Such a permission model based on relations is also particularly compatible with modern enterprise API protocols such as OData (click here for more information about OData) and GraphQL, and their concept of inline expansion of linked data. This means that building safety into our application does not imply any undesirable trade-offs with respect to other features.
In some critical cases, we need to add yet another layer of security into our applications. Consider for example the association between personal data such as name, social security number, address, etc. and medical data such as examination outcomes. It is clear that **such data must never be leaked**, because the stakes are as high as the reputation of a trusting customer in the platform!
The preferred security measure in order to minimise this risk is _pseudonymisation_. Instead of storing all data in a single database, which might be leaked (backups, lost or stolen credentials, etc.), we store it in multiple databases. This makes the life of a potential attacker much more difficult, because while gaining access to a single system is already a daunting enterprise, gaining access to multiple systems at the same time is nearly impossible.
Thus, instead of storing personal data, medical data, and links between the two, we store the personal data in a separate database, where each user is given a pseudo-random identifier. The medical data in the original database is then linked to the pseudo-random identifiers. An attacker who gains access to the medical data would then be able to discover that person `XXASD34234SDF2345OPI4RT59U` is unfortunately very sick, but would have no way of finding out who the identifier really belongs to!
This technique can be applied to all sensitive data, but with a word of caution: some queries that require given combinations of data coming from different databases will be more complex to build, adding to the maintenance costs of the project on the long term. More fun for our engineers!
We believe in our security so much that we are not afraid of being audited by third parties. We will facilitate third party auditors, penetration-tests, white-hat hackers, etc. in all possible ways.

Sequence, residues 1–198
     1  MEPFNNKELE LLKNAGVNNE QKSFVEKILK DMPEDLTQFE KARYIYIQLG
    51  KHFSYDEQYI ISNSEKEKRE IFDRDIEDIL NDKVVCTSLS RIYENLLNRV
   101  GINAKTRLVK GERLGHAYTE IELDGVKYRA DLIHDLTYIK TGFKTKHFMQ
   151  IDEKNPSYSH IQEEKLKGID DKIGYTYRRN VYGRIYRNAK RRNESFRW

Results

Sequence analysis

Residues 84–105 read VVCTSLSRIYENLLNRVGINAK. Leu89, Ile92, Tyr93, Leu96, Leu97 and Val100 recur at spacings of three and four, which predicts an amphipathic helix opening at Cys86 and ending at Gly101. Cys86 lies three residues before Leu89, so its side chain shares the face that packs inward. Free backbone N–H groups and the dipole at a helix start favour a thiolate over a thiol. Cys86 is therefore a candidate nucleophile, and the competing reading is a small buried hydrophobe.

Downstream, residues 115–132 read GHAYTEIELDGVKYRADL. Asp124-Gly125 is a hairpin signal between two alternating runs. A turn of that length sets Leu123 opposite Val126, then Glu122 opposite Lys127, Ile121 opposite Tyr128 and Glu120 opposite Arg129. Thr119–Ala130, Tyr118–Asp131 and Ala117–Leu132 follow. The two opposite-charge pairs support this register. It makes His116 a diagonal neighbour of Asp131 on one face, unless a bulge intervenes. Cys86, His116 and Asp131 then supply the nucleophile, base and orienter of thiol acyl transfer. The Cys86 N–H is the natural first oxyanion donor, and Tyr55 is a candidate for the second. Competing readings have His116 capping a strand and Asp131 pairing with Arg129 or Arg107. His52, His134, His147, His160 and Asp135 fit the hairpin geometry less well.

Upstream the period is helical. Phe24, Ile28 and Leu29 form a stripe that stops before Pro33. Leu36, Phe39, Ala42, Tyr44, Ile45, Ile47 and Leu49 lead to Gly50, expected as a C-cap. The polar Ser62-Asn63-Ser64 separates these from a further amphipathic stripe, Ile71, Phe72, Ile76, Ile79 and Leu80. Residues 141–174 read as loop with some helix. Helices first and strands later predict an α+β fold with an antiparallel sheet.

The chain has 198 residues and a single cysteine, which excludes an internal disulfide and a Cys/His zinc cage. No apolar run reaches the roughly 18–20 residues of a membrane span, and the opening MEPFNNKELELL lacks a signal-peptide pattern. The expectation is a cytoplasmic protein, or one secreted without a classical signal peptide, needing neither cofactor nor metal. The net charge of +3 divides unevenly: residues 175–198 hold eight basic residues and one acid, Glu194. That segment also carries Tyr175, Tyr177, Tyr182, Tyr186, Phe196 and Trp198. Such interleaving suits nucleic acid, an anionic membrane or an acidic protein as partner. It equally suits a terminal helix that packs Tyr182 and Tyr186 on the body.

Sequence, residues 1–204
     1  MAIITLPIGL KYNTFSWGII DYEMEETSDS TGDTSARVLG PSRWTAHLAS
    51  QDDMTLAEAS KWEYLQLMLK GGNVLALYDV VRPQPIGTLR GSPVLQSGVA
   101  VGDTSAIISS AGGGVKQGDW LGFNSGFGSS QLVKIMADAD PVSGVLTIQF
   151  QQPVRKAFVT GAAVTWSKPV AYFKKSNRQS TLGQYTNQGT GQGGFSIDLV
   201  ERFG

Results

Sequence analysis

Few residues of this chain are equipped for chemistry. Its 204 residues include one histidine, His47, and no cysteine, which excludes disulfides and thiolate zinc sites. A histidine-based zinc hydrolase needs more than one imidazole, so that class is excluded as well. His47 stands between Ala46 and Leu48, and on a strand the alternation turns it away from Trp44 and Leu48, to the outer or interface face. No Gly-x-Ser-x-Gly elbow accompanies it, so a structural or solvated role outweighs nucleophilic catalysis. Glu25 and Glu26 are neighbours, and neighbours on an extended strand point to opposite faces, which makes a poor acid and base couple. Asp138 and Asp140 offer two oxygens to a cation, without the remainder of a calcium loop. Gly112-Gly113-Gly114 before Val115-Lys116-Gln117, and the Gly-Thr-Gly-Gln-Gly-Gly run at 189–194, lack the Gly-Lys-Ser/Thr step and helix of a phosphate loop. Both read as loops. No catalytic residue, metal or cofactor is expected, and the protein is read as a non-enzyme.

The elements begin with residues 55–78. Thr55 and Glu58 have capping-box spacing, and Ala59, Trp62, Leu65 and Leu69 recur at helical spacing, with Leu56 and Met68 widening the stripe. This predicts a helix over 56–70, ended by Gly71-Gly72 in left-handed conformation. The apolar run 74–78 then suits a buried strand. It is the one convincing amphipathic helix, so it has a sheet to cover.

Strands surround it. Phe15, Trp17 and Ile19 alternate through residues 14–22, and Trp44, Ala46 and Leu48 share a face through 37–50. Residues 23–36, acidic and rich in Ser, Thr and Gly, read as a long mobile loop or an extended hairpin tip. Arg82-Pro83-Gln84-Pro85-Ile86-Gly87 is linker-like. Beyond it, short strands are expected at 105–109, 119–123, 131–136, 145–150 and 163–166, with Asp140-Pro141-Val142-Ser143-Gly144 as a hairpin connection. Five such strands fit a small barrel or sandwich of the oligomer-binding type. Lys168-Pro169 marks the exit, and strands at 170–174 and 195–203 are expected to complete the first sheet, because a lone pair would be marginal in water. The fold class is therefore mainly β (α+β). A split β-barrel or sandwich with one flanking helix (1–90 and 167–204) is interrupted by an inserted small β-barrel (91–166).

We implement basic security measures along the lines of the OWASP top 10, and always use tools such as C#’s LINQ and type-safe serialization in order to make some security flaws *impossible* to accidentally build into our software.
Type-safety means that each variable must conform to a strict specification of its content, thereby making errors such as “the code expected a Person, but instead got an Admin” (a typical escalation of credentials attack) impossible to have at runtime, because the compiler itself would ensure that such ambiguous and unvalidated code is rejected from running. All bugs that are related to a mismatch between the data that the program needs to process when it is run, and the data that is expected, either become impossible in a type-safe language, or they become much harder to achieve, dramatically improving correctness and reducing the need for constant (and regression!) testing. As an added bonus, type-safe programming languages do not need to check the structure of the data they need to process at runtime, given the correctness guarantees that we already have built at compile time. This need for less runtime checks makes it possible for the compiler to create a faster executable, leading to the rule of thumb that type-safe also means faster.
Moreover, we always carefully update all of our technological stack proactively, so that new insights and improved libraries are immediately integrated into our projects.
In 2018, it is hard to justify using anything but the most advanced and reliable tools available.
Bring it on!!!